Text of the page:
Currently, there is a dual power in Papua New Guinea, as there are alternative governments in the country that do not recognize each other. However, now the balance has begun to lean toward the opponents of Somar. The governor-general, who initially supported the latter, changed his decision to 20 December: "I now recognize the legitimacy of the O'Neill government ... The role of parliament is paramount. Only parliament can decide who should hold the post of prime minister."

However, even this did not diminish Somare’s determination to fight for power. However, as the well-known traveler Krotov told the Pravda.Ru correspondent: “From personal conversations conducted with simple Papuans, it is clear that they do not like any kind of power. Almost all officials, including Somar, are spoken about as thieves, unmatched. " So Somare can hardly count on the support of ordinary people.

In neighboring Australia, what is happening has caused considerable concern. According to Kevin Rudd, the head of the Ministry of Foreign Affairs of this country, they are “deeply concerned about the situation that has arisen; nobody has benefited from the violence”. The concern of the Australian politician can be understood. Unrest in Papua New Guinea is fraught with significant costs for both Australian business and global markets. And not only for the logging industry.

Papua New Guinea in recent years has significantly increased its presence in world markets as a producer of precious and non-ferrous metals. This primarily concerns gold and copper. Not the last place in this issue is oil. For example, the shutdown of a single mine in the province of Bougainville, associated with the attacks of the separatists and the response of the central authorities, significantly affected the prices of non-ferrous metals.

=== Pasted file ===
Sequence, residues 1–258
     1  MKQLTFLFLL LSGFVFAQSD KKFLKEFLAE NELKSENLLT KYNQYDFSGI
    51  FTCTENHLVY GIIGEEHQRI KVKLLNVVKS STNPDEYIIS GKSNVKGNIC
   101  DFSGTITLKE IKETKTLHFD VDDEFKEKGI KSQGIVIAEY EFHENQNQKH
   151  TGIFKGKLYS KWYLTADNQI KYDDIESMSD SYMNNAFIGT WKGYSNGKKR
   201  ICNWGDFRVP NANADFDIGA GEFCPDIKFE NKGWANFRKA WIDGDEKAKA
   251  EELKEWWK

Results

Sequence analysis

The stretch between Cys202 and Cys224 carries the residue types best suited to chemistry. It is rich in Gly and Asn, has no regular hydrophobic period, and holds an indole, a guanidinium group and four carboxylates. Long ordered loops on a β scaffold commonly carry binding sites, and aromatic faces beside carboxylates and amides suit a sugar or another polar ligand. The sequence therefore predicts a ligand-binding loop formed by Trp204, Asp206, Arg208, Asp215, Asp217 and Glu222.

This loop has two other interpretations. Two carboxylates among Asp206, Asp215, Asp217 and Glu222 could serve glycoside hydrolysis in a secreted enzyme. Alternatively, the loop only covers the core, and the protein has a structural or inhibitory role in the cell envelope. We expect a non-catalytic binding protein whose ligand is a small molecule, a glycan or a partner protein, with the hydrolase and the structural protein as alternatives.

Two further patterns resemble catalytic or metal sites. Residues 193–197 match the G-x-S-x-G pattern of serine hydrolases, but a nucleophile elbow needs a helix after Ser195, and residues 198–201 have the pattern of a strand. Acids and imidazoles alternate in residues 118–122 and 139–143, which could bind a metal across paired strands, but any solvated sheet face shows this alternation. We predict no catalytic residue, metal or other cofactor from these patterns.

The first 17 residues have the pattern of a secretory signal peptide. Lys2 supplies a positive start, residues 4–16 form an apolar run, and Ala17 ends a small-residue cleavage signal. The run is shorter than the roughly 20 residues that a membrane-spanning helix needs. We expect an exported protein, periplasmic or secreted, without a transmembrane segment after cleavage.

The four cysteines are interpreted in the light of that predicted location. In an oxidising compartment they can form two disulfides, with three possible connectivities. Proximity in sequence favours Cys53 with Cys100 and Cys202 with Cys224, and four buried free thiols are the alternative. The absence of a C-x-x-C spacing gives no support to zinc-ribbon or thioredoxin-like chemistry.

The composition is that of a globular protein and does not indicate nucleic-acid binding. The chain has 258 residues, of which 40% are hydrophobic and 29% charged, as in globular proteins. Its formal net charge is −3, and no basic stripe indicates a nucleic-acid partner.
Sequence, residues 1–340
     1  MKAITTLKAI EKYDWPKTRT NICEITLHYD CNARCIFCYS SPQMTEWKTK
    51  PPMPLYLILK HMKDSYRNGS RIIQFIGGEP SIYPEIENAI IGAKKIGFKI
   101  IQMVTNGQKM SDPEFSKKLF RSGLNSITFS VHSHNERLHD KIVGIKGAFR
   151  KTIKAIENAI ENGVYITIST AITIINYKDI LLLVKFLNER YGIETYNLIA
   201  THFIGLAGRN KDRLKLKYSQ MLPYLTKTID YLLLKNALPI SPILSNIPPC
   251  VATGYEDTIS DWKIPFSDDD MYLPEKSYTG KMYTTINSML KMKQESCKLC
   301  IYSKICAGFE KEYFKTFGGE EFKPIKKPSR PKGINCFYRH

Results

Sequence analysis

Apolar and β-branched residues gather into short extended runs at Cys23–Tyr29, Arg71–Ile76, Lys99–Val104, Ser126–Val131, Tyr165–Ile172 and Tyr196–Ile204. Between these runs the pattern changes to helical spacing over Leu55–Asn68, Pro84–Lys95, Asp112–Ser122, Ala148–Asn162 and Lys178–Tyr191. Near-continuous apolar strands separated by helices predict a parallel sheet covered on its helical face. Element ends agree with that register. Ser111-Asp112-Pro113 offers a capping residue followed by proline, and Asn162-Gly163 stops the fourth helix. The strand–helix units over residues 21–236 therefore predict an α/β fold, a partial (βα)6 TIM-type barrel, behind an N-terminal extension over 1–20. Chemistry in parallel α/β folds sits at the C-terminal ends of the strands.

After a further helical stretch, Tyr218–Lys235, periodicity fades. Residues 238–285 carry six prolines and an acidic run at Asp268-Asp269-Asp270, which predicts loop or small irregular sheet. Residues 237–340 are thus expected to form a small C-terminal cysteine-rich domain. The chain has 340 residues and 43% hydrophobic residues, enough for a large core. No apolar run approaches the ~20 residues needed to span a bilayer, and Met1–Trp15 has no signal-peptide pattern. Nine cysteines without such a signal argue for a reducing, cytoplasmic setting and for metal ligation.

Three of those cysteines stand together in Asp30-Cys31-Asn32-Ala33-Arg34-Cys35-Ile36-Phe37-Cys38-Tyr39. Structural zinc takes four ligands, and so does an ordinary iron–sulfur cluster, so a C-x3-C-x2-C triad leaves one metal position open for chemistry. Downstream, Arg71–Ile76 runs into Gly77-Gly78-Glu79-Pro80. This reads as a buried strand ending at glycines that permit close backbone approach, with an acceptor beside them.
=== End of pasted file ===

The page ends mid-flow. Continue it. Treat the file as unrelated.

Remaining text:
Another example is the case of a recent decline in gold production in Papua New Guinea at one of Lihir Island’s mines. The decline due to the showers led to an increase in world prices for this precious metal by almost 3,5%.

If political instability drags on, it will lead to a limitation of gold mining in the country and cause a large increase in the value of this precious metal, and this will have a serious impact on the global economy. After all, Papua New Guinea already in 2001 took the 11-th place in gold mining and 13-th in copper mining. Over the next 10 years, the country only increased its market share in non-ferrous and precious metals.
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  1. MIKK1972
    MIKK1972 23 December 2011 07: 41
    +5
    And in my opinion, those who are in the photo are all on the drum.
    1. ESCANDER
      ESCANDER 23 December 2011 13: 29
      +1
      Interestingly, and the uniform of their law enforcement bodies covers these very bodies?
  2. esaul
    esaul 23 December 2011 08: 15
    +2
    Avot here, lads, all of us - a skiff! The Papuans will throw any tank with spears to death! Mark my words, "Panove"! bullyAnd to knock some kind of ICBM out of the bow is, in general, a trifling matter! And, again - why the hell is spring? All year round dates on palm trees, bananas ... Sow, do they want to learn?
  3. Odessa
    Odessa 23 December 2011 09: 09
    +4
    Serious warriors, Papuan snipers with kurare poison, broccoli loaded with dry peas. If this Tumba-Yumba with an illustration submits an application for joining the NATO bloc, then it will be completely hurt, wink but they don’t have oil ... But they won’t interest Uncle Sam in gold and copper. And really, why did this spring surrender to them?
  4. dred
    dred 23 December 2011 09: 47
    -1
    Already the poits started to strike. This is some kind.
  5. Trudy
    Trudy 23 December 2011 10: 51
    +1
    - Something is bothering me Honduras ...
    - And you do not scratch him - and will not bother (s)
  6. Ascetic
    Ascetic 23 December 2011 12: 11
    +2
    They once ate Cook pendosam henceforth science
  7. Yves762
    Yves762 23 December 2011 12: 50
    +1
    Quote: article
    Papua has reached the Arab Spring
    - well, let them join civilization! wink